London has, since around the turn of the millennium, attained the dubious status of ‘Divorce Capital of the World’. This is principally due to the introduction and development of radical new concepts in the law of financial provision, whereby the claimant’s award was no longer to be pegged at the ‘bottom line’ level of reasonable needs, but could in many cases extend to a full 50 per cent of the total assets.
However, two recent decisions highlight a significant shift in the court’s approach to the division of assets following a divorce.
In K v L the vast majority of the assets consisted of shares that the wife had inherited from her grandfather, valued at £57m at the date of the final hearing. It was found that the value of the shares had grown passively and had not been intermingled at all with the remaining pot of assets. It was also considered to be relevant that the parties had lived to a very modest standard, thereby limiting the award required to satisfy the husband’s “needs”.
The husband was therefore awarded only 5 per cent of the total assets, which the judge found would meet his reasonable income and capital needs – a radical departure from the concept of 50:50 sharing.
In AR v AR the court was concerned with a wife’s application for financial relief after 25 years of marriage. The total assets in the case amounted to between £21m and £24m, all but £1m of which were in the husband’s name, and consisted almost entirely of pre-marital and inherited property. The judge felt that to decree that inherited or pre-acquired assets should only be invaded to the extent necessary to meet the weaker party’s needs might be too “rigid a framework”.
Notwithstanding this comment he concluded that the principle that best guided him in the exercise of his discretion in this particular case was indeed that of the wife’s needs, and he awarded her £4.3m (18-20 per cent) of the total assets, again supporting a move away from the sharing of non-matrimonial assets beyond that required to meet the weaker party’s needs.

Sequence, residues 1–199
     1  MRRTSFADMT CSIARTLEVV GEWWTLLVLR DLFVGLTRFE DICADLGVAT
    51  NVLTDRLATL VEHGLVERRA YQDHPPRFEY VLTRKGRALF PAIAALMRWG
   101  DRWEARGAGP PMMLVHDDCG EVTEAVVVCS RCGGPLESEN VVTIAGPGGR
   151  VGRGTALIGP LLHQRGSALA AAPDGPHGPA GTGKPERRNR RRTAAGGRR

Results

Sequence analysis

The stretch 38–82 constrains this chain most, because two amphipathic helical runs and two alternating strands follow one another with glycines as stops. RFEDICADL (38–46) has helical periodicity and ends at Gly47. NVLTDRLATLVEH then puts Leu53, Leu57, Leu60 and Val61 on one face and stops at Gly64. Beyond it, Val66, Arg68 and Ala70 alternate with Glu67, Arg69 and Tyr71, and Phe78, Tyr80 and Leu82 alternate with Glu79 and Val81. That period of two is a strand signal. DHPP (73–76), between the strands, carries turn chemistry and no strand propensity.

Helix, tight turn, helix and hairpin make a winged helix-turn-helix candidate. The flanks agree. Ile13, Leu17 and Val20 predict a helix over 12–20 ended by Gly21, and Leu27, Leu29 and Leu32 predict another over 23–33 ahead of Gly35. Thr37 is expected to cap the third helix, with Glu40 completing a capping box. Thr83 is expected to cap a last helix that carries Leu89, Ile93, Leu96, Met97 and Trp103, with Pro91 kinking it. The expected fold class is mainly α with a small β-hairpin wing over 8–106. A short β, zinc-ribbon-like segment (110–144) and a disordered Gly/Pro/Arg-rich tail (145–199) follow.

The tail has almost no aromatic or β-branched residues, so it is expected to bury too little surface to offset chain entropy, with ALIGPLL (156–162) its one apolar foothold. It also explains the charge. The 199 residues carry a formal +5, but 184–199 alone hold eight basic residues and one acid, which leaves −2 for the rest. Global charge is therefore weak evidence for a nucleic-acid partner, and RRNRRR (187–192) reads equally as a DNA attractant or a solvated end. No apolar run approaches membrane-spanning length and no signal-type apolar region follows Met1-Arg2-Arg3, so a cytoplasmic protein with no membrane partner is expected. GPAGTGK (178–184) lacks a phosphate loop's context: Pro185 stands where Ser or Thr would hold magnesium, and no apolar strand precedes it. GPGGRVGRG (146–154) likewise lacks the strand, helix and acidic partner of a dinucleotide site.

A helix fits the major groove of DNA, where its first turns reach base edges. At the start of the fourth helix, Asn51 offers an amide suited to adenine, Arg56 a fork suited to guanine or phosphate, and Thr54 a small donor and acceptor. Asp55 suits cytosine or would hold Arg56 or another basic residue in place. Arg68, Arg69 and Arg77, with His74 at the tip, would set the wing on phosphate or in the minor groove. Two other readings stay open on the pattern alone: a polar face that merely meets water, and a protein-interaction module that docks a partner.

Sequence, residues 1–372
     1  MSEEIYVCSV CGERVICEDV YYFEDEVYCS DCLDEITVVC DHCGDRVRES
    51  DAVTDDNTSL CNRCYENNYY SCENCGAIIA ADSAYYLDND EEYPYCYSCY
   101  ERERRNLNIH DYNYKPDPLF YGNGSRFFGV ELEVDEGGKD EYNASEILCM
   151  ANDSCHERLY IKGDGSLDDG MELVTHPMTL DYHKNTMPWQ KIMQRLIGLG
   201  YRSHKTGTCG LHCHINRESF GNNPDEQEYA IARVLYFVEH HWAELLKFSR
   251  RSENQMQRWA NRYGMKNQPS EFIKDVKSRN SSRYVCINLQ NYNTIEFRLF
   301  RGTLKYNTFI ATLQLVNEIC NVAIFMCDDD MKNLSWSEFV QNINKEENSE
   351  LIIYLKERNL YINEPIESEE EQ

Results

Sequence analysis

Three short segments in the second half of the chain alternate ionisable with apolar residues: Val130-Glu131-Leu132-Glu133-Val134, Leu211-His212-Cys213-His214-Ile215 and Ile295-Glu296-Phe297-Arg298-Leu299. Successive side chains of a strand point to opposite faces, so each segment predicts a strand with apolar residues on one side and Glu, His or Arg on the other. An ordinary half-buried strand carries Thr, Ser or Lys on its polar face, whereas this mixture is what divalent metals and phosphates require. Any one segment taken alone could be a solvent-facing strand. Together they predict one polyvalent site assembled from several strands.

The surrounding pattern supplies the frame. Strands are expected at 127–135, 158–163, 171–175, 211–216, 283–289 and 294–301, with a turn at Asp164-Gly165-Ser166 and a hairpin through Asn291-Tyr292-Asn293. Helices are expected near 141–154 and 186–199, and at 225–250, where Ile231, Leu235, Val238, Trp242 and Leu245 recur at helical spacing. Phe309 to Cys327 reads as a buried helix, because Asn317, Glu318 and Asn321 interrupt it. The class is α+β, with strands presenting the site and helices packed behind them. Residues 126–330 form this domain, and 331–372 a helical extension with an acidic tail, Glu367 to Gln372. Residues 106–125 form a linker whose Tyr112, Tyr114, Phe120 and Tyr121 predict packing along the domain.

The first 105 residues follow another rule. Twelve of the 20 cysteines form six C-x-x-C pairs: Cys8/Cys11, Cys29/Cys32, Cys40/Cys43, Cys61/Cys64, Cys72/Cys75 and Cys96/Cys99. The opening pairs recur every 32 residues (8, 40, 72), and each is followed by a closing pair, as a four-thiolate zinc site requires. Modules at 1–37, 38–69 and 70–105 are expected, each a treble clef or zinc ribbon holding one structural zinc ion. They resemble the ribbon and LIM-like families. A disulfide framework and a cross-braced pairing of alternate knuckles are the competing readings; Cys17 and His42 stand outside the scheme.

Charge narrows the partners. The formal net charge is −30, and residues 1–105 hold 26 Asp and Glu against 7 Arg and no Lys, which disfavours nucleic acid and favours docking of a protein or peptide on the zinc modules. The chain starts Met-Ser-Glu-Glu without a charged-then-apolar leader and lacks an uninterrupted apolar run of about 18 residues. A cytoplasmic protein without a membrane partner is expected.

Miller and McFarlane: The Glass Half Empty
The two cases above are illustrative of a gradual divergence from the authority of Miller and McFarlane (2006). In that case the House of Lords concluded that non-matrimonial assets could, depending on the circumstances of the case, be as vulnerable as anything else to an equal division on divorce.
This caused particular concern where the money, or some of it, had a ‘non-matrimonial’ character, meaning that it was either family money received by gift, inheritance or distribution from trust or it had been built up before the marriage. Under McFarlane such assets might, particularly in a longer marriage, fall into the general carve-up.
The New Trend
Miller and McFarlane remains the leading authority, however it is now six years old. More recently, the Court of Appeal gave judgment in the case of Robson in October 2010.
In Robson it was held that although the non-matrimonial property (an inheritance) should be included in the ‘pot’ for division, the Court could nonetheless take account of the non-matrimonial character of the inheritance by adjusting away from a 50/50 split. The degree of adjustment would depend on the nature of the inheritance, how long ago it had arrived and the degree to which it had been intermingled with the family’s general finances.
Shortly after Robson came the case of Jones. Here the Court of Appeal sought first to define the non-matrimonial assets. These were then removed from account and equal sharing was applied to the remainder. Non-matrimonial property would only be brought into the equation if necessary in order to meet the parties’ needs.
The approach taken in AR v AR and K v L is further support for this new trend.
Where Are We Now?
The bottom line is that “needs” will always trump any argument to ring-fence inherited or other non-matrimonial property. If these needs cannot be met from matrimonial property alone, a judge will need to look to non-matrimonial assets.
It should also not automatically be assumed that the receiving party will only be entitled to an award of their needs in cases of significant wealth. To make such an assumption would be cavalier, as there are a number of influencing factors.
Nonetheless, in cases of significant wealth where there is a surplus over the parties’ needs, the more recent decisions do seem to indicate an increased caution about dividing non-matrimonial assets, be they of a ‘family’ or a ‘pre-acquired’ nature. Where ‘non-matrimonial assets’ have been kept largely separate from other wealth, and not used to purchase the family home or fund an enhanced lifestyle, they may be less vulnerable.
It should, however, be noted that all of the cases referenced throughout this article were litigated to final trial, no doubt at considerable expense to the parties involved. That fact alone serves as a stark reminder that considering these issues in advance, and making judicious use of pre-nuptial agreements in your planning, is vital.
James Freeman is a Partner and Head of Family at Speechly Bircham LLP. James can be contacted on +44 (0)20 7427 6584 or by email: firstname.lastname@example.org